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Best Child Support Lawyers in Cedar Rapids

Our Recommended Top 3

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Our goal is to connect people with the best local professionals. We scored Cedar Rapids Child Support Lawyers on more than 25 variables across five categories, and analyzed the results to give you a hand-picked list of the best.



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222 3rd Ave SE Suite 501 #8, Cedar Rapids, IA 52401
  • Child Custody

Why choose this provider?

Murray Law Firm, P.C., represents clients in the Cedar Rapids metro who wish to resolve their family law disputes. It handles child support and custody, adoptions, visitation agreements, divorce, and surrogacy law cases. The law firm also provides legal assistance to individuals facing cases involving criminal defense, juvenile delinquency, domestic violence, garnishments, and felonies. Founding attorney Noelle R. Murray brings 25 years of experience in the legal field. He also conducts pro bono works through the Iowa Volunteer Lawyers Project.

Attorney Information

Attorney NamesExperience
Noelle Murray - Principal23 yrs


We scour the internet for reviews from well-known resources. Each provider is evaluated based on the quality and quantity of their reviews, their presence on multiple review sites, and their average minimum rating.
4.0 / 5 (8)
4.2 / 5 (5)


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2420 River Bluff Drive NW, Cedar Rapids, IA 52405
  • Child Custody

Why choose this provider?

Vercande Law, P.L.L.C., serves clients in Cedar Rapids and the surrounding areas. It offers legal advice and representation to individuals dealing with family law matters, such as child support and custody modification, divorce or dissolution of marriage, and guardianship. Also included in the legal matters it handles are domestic abuse, juvenile law, Social Security Disability Insurance, and workers' compensation. Traci Vercande, the firm's attorney, is a member of the Iowa Association for Justice and the National Organization of Social Security Claimant's Representatives.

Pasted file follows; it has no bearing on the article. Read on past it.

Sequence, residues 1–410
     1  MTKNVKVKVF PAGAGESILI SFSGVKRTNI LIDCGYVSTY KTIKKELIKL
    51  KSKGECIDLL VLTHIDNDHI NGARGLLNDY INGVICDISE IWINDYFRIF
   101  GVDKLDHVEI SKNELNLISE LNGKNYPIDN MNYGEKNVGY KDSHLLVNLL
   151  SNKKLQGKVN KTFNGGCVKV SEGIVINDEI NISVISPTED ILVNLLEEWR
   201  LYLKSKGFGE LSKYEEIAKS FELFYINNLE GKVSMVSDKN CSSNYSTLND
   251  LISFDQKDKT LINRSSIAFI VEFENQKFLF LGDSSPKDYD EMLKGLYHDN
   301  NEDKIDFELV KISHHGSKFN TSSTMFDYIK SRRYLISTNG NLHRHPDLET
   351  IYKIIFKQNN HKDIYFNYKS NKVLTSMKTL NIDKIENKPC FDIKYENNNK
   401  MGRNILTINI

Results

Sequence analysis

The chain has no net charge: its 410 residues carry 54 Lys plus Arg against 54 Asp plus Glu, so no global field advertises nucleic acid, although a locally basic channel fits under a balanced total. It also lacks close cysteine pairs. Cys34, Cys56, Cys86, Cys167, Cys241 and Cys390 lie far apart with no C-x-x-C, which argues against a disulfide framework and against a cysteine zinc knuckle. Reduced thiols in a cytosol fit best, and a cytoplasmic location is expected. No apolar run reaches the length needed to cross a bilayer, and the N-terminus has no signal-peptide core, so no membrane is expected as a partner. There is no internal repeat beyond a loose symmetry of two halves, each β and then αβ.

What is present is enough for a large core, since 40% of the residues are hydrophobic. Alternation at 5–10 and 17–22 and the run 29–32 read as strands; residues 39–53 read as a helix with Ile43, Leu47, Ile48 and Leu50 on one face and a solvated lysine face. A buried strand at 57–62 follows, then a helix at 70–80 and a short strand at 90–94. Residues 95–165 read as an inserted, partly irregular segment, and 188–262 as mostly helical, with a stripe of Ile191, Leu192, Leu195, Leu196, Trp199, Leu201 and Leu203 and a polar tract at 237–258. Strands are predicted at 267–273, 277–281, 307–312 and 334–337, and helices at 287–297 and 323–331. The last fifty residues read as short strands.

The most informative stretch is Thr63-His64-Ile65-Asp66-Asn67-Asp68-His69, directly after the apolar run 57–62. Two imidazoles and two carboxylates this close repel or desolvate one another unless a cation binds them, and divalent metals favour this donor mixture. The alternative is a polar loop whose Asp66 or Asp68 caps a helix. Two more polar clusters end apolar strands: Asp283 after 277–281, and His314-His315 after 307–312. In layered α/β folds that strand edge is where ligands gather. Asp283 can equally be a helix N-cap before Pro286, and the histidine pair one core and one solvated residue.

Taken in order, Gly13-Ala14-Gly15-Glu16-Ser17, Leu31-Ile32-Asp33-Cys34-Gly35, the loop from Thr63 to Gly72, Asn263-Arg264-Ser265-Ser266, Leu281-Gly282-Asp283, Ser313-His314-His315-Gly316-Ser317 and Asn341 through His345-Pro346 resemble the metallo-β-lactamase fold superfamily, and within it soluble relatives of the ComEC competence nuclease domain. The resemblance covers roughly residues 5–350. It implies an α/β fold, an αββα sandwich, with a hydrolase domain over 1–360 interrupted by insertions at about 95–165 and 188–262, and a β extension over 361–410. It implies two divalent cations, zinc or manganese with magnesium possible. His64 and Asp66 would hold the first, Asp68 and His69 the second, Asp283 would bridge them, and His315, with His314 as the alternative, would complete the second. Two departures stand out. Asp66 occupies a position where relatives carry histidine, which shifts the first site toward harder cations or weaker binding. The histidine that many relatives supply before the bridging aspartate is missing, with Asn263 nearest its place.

We scour the internet for reviews from well-known resources. Each provider is evaluated based on the quality and quantity of their reviews, their presence on multiple review sites, and their average minimum rating.
4.0 / 5 (1)

402 South Linn Street, Iowa City, IA 52240
  • Child Custody

Why choose this provider?

Bray & Klockau, P.L.C., caters to clients in Cedar Rapids and the neighboring communities. It represents individuals and couples who are seeking assistance in handling child support issues. It also works on divorce, child custody, adoption, and spousal support cases. The firm has been solving family law-related matters since 1985. Its lawyers, Daniel L. Bray, Lori L. Klockau, and Michelle Jay, have over 85 years of combined legal experience. Bray authored the Iowa Matrimonial Law, a law treatise that was first published in 1986.

Disclaimer:  Consumers utilizing are free to communicate and contract with any lawyer they choose. is not involved in the confidential attorney-client relationship. Featured lawyers pay a reasonable advertising cost to market their legal services with and must meet similar selection criteria as other lawyers. All cases are different. Prior results do not guarantee a similar outcome.


  • What does a child support attorney do?

    A child support attorney is a specialized family law attorney who works primarily or solely on child support cases. These attorneys advocate for clients in a variety of situations, including seeking child support from a resistant partner, paying child support, or recalculating child support payment amounts. Often, child support law is an area of practice within a firm that also handles custody and visitation matters.